The Important, No, Vital, No, REQUIRED Role of the Not-for-Profit Board
Engaged donors are often asked to sit on advisory councils or boards of directors for the charities they support. Such an appointment or election is considered a great honor but, of course, comes with great responsibility. It is incumbent on potential board members to understand their roles and responsibilities before accepting such an assignment.
First, make sure you understand if you are being asked to sit on an advisory board, which is more akin to a committee and has no legal standing on its own or if you are being asked to sit on the legal board itself, the overall governing body of the organization. While advisory board or council membership requires that you participate in a legal, ethical and responsible way, it does not confer on you the same level of responsibility that board membership does. Today’s discussion focuses on the actual board that runs the organization.
I have found from personal observation and experience that the level of sophistication embodied in not-for-profit boards ranges from professional and seasoned to shockingly unsophisticated and naïve. In some cases, board members come in with all their personal and professional qualifications at the fore to help advance the cause of the organization, coupled with a willingness to learn that which they do not know. In other cases, these otherwise intelligent, rational, successful and well-meaning individuals check their brains at the door and let their emotions run amok. (Ancillary example: United States Congress, www.house.gov). Unfortunately, presidents and executive directors have to work with both types of individuals and, if they are successful, will develop the latter into the former. Actually, they had better; the board serves a vital and legal role in guiding and overseeing the organization it serves and ignorant or incompetent board members will weigh it down. It is, by no means, an overstatement to say that the board can truly make or break the organization.
Let’s get down and dirty and crass – some boards are what we call “money” boards – the only way one gets appointed to such a board is by being a significant and consistent donor to the cause, on the theory that such donor will be able to attract other such donors. To varying degrees, many large, national, wealthy, entrenched charities fall into this category. Other boards are what we call “working” boards – members are appointed based on the expectation that their skills and talents will be put directly to work serving the organization. Dollars may be secondary on such boards, but the expectation of financial contribution is and should always be there. Even if you support its cause wholeheartedly, if you are asked to serve on an organization’s board, it is imperative that you determine which type of board it has so that you can be reasonably sure that your experience as a board member will be a positive one. Diff’rent strokes for diff’rent folks – some people want to roll up their sleeves and get their hands dirty with the work while others prefer to don their finest attire and attend gala fundraisers – only you know for sure which camp you fall into.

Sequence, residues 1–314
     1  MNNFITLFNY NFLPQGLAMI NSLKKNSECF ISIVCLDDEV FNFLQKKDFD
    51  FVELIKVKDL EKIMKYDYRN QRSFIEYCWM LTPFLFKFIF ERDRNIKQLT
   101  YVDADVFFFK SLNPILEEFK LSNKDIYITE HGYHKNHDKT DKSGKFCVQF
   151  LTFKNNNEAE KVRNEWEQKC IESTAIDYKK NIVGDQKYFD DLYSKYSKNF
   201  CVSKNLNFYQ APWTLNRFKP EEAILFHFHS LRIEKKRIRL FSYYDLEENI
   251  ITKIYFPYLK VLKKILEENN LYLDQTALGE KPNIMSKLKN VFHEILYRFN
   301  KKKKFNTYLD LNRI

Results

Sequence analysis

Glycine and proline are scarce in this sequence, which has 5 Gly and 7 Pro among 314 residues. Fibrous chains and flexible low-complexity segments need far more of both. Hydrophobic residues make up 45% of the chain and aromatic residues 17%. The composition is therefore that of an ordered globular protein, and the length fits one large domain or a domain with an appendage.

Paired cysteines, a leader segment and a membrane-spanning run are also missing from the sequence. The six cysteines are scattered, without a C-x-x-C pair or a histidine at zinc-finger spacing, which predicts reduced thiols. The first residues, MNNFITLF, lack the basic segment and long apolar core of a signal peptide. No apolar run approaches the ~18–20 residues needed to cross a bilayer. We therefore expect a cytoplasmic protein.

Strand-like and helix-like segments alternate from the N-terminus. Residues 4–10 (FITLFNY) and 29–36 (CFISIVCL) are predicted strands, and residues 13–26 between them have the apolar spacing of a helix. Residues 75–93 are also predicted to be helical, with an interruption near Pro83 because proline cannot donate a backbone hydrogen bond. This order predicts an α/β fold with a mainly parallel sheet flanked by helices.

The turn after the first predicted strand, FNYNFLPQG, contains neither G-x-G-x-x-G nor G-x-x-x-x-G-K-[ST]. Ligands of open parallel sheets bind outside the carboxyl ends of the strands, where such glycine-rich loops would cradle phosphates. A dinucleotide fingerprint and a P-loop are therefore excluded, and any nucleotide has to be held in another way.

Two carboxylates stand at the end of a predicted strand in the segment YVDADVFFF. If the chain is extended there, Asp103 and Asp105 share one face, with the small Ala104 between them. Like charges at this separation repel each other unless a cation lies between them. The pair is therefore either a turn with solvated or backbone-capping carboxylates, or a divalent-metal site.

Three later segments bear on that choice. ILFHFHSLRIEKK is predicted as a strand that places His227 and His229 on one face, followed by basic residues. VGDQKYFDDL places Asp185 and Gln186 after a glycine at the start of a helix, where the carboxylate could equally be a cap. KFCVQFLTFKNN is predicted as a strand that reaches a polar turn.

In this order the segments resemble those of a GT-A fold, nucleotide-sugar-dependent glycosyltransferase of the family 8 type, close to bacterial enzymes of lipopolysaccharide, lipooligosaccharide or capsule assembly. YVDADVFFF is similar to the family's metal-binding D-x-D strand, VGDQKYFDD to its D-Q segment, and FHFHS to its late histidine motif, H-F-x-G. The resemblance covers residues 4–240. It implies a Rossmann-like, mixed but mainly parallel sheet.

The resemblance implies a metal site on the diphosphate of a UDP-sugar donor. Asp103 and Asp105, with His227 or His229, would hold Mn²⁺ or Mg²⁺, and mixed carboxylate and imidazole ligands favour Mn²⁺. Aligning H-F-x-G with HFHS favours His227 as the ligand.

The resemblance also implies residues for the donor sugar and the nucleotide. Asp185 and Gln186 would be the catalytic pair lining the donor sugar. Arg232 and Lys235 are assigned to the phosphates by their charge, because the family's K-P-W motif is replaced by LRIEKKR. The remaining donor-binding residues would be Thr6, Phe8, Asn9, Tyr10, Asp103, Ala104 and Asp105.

Generally speaking, most boards fall somewhere in the middle but, in any event, ALL boards have legal and fiduciary responsibilities for the organizations they serve and such responsibility flows directly downhill to each and every board member. (Hint: does the organization that is asking you to serve as a board member have a reasonable level of directors and officers liability insurance (“D&O”)? It should, and you should also consider augmenting such insurance with personal coverage as well. See the recent WS+B blog post “Not-for-Profit Board Member Liability.”)
BoardSource, a not-for-profit organization itself, works with nonprofit boards providing training and publications to enhance the effectiveness of the boards and the organizations they serve. They published a terrific little book written by Richard T. Ingram entitled Ten Basic Responsibilities of Nonprofit Boards. It is a great starting point for individuals considering board service and for boards providing training for their members or reassessing their own approach to their responsibilities. It is not just about giving money or attending meetings. Woody Allen once said that “80% of success is showing up;” while that may be the case, the remaining 20% is far more important. According to Ingram, the ten basic responsibilities of nonprofit boards encompass best practices and constitute a rudimentary job description. If you are or will be a board member, learn these basic rules, take them seriously and live them. You will be acting in the most responsible manner possible:
- Determine mission and purpose
- Select the chief executive
- Support and evaluate the chief executive
- Ensure effective planning
- Monitor and strengthen programs and services
- Ensure adequate financial resources
- Protect assets and provide financial oversight
- Build a competent board
- Ensure legal and ethical integrity
- Enhance the organization’s public standing